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Mephistopheles Over Wittenberg, Eugène Delecroix, 1839 (photo credit: Wikipedia)

Mephistopheles Over Wittenberg, Eugène Delecroix, 1839 (photo credit: Wikipedia)

The slings and arrows of Hamlet’s existential crisis would have it that conscience makes cowards of us all and that certain suffering on Earth is preferable to damnation. However, the values that Waldron presents in The Brand New Dark share little with those of the 1600s. Holding Yorick’s skull in V.i., Hamlet asks, ‘Where be your gibes now? your gambols, your songs, your flashes of merriment that were wont to set the table on a roar?’ celebrating our wit and intellect, the best of us. Waldron’s Shakespearian sonnet, Poor Derek, perverts this and, holding Derek’s brain, Waldron’s speaker wonders, ‘What filth, what porn was conjured here, / was collaged from cut pieces of the world, / from stolen ghosts of girls made to appear in skin-flicks played on silver screens unfurled / like strips of cartilage within this nut / of thinking meat?’ The anaphora, the repeated ‘what,’ punctuates the whole sonnet and evokes Blake’s The Tyger. So, by association, it possesses the same sinewy physicality and hellish heat as Blake’s beast. Magic evokes dodgy card tricks, whereas conjuring calls to mind Faust’s pact with the devil. Similarly, the cut and paste of collage is a destructive, violent act and, lined up against ‘stolen ghosts,’ is disturbingly dark. In the modern sense, perhaps ghosts has a murderous quality but, in Old English, gást is the soul, the life spirit and, read like this, Derek’s Faustian pact carries a terrible price. The ordinariness of the name, Derek, gives it an Everyman quality and, at the volta, the speaker’s command implicates us all: ‘See it, as though he dreams again for us.’

Pieter Bruegel the Elder - The Fall of the Rebel Angels, 1562 (photo credit: Wikipedia)

Pieter Bruegel the Elder – The Fall of the Rebel Angels, 1562 (photo credit: Wikipedia)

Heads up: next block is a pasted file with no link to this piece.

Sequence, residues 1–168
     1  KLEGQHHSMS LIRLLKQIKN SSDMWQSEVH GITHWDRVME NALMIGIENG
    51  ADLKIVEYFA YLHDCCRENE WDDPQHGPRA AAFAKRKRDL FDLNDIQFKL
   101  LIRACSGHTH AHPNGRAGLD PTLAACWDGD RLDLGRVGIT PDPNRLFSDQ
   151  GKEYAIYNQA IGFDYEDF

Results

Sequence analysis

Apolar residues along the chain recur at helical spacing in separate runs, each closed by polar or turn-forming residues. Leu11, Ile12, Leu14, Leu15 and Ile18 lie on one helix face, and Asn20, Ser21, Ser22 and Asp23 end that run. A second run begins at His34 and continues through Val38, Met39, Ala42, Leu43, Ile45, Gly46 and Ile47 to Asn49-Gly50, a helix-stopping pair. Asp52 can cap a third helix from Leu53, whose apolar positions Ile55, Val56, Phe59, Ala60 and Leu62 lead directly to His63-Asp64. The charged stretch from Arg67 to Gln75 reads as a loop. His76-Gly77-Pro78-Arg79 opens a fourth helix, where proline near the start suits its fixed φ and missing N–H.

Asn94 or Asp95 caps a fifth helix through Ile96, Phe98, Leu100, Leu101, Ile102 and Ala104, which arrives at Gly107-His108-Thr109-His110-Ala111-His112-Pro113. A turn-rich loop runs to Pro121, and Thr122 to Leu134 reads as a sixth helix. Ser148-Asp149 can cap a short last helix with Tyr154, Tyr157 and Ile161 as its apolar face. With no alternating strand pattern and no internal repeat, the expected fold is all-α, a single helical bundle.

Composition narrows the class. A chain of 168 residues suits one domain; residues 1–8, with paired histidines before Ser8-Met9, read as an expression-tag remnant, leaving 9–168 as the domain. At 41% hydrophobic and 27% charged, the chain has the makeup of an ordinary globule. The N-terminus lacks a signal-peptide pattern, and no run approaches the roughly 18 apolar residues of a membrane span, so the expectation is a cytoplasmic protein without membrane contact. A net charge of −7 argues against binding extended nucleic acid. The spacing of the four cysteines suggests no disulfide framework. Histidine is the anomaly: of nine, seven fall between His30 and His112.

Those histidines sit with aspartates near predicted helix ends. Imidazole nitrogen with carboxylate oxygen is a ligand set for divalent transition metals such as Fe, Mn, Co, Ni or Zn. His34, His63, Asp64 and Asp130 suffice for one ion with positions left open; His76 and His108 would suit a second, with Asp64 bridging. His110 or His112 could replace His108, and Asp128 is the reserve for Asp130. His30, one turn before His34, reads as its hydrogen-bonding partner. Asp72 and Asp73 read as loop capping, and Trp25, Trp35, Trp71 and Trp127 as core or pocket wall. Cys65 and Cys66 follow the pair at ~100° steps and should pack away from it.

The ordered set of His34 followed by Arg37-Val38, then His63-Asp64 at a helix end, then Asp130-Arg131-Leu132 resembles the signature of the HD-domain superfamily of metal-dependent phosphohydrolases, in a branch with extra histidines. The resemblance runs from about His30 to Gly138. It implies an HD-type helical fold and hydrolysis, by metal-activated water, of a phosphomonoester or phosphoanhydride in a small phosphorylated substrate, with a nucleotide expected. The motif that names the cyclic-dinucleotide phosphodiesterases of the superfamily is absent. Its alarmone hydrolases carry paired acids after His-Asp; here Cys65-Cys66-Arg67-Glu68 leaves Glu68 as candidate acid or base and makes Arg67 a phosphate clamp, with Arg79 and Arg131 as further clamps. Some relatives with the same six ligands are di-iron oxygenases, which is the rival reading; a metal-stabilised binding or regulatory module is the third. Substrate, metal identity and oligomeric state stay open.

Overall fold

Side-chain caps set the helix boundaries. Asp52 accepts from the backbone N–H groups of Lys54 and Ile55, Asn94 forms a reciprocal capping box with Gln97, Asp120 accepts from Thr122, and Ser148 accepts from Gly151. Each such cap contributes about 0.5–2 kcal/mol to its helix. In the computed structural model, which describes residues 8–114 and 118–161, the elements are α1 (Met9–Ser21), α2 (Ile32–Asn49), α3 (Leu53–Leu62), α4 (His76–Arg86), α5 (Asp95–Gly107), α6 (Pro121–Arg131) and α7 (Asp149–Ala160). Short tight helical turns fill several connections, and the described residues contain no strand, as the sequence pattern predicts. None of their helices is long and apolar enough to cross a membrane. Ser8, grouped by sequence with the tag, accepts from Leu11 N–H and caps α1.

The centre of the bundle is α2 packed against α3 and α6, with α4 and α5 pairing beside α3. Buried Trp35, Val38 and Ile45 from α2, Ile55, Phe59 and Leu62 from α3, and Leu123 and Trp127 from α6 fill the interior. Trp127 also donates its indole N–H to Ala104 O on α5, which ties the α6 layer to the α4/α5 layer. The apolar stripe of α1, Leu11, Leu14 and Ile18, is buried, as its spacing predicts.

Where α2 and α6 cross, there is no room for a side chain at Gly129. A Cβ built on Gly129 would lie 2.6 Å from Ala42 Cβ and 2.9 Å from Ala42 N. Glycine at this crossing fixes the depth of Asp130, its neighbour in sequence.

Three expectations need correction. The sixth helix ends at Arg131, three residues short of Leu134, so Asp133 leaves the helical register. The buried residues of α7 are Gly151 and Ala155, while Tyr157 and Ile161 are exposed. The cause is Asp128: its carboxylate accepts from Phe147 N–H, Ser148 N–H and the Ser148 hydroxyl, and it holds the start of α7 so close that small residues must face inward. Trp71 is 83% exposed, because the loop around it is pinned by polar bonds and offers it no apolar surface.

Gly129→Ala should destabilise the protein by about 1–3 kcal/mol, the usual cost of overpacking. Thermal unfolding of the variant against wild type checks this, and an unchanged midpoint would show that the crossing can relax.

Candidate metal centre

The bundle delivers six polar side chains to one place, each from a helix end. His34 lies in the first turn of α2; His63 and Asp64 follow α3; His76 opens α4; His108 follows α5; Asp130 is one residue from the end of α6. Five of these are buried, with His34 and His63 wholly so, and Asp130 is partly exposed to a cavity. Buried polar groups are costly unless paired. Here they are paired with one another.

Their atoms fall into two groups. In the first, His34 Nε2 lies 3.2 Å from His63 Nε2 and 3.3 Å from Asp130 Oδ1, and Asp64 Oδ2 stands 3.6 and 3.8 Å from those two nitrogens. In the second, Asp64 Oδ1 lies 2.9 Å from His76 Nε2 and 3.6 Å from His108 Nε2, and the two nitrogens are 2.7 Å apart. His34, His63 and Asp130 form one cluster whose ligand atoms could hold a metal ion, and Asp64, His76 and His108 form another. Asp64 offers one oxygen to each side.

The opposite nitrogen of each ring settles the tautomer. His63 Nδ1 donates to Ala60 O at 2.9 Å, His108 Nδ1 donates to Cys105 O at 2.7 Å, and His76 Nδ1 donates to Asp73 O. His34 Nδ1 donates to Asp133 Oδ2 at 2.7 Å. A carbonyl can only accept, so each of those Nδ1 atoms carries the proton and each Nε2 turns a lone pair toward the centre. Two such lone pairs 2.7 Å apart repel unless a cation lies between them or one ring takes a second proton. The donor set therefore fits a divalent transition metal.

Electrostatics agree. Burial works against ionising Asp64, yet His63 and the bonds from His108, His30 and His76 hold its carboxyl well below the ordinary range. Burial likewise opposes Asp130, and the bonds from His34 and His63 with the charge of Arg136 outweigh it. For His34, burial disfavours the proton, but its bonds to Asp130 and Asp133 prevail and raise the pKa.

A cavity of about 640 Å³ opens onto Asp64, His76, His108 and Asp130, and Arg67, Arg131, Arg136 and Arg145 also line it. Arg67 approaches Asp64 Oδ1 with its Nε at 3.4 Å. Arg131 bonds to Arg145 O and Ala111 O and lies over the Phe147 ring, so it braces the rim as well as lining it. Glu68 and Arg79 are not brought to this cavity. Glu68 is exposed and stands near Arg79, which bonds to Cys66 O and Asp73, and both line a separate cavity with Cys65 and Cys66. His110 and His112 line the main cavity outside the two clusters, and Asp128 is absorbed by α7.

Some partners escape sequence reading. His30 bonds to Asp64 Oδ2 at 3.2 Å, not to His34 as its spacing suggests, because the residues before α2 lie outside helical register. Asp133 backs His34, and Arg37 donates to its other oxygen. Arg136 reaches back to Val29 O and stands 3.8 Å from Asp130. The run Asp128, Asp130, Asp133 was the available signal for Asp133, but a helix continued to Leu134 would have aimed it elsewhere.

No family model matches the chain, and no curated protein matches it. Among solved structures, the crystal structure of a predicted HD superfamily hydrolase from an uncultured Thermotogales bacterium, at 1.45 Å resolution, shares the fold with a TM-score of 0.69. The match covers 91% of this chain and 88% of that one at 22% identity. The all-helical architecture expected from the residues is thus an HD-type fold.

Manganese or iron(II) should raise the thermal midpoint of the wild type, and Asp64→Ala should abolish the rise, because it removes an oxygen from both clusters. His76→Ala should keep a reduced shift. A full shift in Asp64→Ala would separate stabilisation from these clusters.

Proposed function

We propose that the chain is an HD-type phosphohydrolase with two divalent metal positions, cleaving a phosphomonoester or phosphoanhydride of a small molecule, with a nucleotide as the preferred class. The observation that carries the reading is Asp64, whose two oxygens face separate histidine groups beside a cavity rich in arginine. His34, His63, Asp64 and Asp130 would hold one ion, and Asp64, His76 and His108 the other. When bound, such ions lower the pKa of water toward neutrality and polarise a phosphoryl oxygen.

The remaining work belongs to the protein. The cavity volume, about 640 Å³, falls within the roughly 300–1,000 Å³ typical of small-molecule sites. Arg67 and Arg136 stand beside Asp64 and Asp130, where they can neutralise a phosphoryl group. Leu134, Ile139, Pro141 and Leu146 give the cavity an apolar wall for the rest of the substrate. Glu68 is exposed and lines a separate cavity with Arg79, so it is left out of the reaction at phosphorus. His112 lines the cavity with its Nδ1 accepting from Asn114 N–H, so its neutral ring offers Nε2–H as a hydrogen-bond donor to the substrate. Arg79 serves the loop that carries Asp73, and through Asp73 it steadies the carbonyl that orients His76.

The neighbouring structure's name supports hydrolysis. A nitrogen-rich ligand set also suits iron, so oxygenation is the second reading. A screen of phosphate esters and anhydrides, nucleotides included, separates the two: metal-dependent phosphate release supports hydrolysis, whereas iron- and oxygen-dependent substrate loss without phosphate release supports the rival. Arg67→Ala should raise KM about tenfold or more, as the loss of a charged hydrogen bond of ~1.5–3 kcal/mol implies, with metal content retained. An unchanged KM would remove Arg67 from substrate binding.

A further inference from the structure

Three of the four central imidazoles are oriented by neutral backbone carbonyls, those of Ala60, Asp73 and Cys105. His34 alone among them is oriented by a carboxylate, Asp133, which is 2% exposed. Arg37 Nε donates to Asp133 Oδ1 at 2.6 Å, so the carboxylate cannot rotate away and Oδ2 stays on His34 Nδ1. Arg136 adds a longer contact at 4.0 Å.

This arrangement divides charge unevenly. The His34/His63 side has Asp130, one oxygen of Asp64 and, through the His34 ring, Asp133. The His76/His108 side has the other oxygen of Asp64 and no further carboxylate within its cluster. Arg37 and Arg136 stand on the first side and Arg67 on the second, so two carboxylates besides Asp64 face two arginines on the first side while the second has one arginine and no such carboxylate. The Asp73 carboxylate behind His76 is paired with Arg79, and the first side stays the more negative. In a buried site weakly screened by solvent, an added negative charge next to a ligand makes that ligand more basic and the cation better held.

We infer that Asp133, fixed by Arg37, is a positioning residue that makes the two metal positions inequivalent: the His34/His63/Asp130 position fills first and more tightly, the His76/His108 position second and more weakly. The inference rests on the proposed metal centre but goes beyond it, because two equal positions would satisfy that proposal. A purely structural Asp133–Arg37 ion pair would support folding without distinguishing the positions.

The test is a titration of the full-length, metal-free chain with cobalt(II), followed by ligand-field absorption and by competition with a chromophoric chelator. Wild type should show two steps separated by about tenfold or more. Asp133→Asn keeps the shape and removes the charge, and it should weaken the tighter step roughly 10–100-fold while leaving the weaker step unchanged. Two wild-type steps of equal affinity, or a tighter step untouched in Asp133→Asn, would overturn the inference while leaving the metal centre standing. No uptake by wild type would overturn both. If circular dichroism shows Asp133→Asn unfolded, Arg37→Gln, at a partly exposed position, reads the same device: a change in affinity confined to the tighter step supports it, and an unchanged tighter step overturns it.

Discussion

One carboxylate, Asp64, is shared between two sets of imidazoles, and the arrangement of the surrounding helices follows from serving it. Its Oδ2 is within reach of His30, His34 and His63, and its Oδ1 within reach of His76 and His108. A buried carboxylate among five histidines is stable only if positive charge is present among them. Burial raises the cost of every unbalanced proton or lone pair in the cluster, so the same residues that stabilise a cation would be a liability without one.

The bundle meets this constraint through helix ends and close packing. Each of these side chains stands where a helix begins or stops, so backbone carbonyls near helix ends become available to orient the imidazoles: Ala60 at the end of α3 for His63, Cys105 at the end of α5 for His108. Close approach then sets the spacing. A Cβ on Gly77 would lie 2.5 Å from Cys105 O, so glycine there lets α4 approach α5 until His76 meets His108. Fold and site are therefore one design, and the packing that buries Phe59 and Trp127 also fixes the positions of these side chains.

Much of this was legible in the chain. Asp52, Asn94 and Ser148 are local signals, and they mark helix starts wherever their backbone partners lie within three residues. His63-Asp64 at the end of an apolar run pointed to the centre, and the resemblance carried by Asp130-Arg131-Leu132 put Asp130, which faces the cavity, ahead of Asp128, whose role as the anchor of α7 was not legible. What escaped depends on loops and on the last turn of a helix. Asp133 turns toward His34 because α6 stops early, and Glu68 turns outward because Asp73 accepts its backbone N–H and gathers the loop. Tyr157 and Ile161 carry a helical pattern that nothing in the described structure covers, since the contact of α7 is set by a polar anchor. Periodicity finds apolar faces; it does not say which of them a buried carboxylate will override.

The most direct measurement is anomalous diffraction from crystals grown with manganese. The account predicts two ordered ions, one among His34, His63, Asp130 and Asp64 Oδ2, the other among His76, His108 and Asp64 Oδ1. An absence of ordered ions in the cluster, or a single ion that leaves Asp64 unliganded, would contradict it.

On the facing page, in The Run, brevity, simplicity and whiteness contrast with Poor Derek’s baroque. ‘They’re in the bath together. / Like tobogganists heading down and down a hill, / snow covering the land like a sleep.’ Perhaps the bath’s intimacy turns the toboggan into a simile of mutual trust and togetherness  – us versus the world. Waldron reveals the poem’s spare details with the instincts of a dramatist and, in stanza one, it’s difficult not to imagine the woman sitting behind her husband, arms around his waist. However, in the second stanza, ‘He has his arms on the bath’s enamel sides, / she, in her soft, transparent cap / is tweaking the cold control’ and, in the third stanza, we discover that they are not even looking at one another as ‘One day she may turn and find him gone. Fallen off somewhere, / tumbling back towards the world.’ It’s difficult to hear the word ‘fallen’ without calling to mind the rebel angels and the fall of mankind and it seems pretty clear that there’s a rival gravitational force in this poem. The couple should be attracted to one another, but the man is being pulled off somewhere else – Waldron’s decision to set a poem about a couple in tercets nods offstage with a restrained eloquence.

Devil Hand Puppet (Photo credit: amy_buthod)

Devil Hand Puppet (Photo credit: amy_buthod)

In His Hand is in My Head, the speaker questions the idea of freewill, seeing the brain as a joint occupancy – possessed. ‘His fingers roll the dark sides of my moon eyes, / or they make my mouth move as my mouth moves now. / Sometimes he sticks out his thumb / pressed into my tongue and makes me kiss you.’ ‘Make’ is repeated four times in the poem’s eight lines, giving power to the hand in the head and reducing us to husks, puppets with the ability to spectate but to do little else. Waldron achieves his creepily surreal conceit with a horrific physical credibility: ‘On occasion I have felt his bumping knuckles nudge / my quite stiff brain in its bowl, tipping it a little, / making it pull against my stretching spine, making my toes curl.’

The poems in The Brand New Dark feel like Billy Collins recast as a soiled, squatting smack addict. Take a poem like I was Writing Recently on the Subject of Mice. It immediately calls to mind Collins’ I Chop Some Parsley While Listening to Art Blakey’s Version of ‘Three Blind Mice.’ Collins creates sympathy for the ‘poor mother / brooding over her sightless young triplets,’ whereas Waldron’s mice are ‘pale pink / and sudden morsels rolled in fur.’ Waldron smiles and it’s a thrill to be rolled high into the air but make no mistake – we’re dancing with the devil and there are teeth in that smile.

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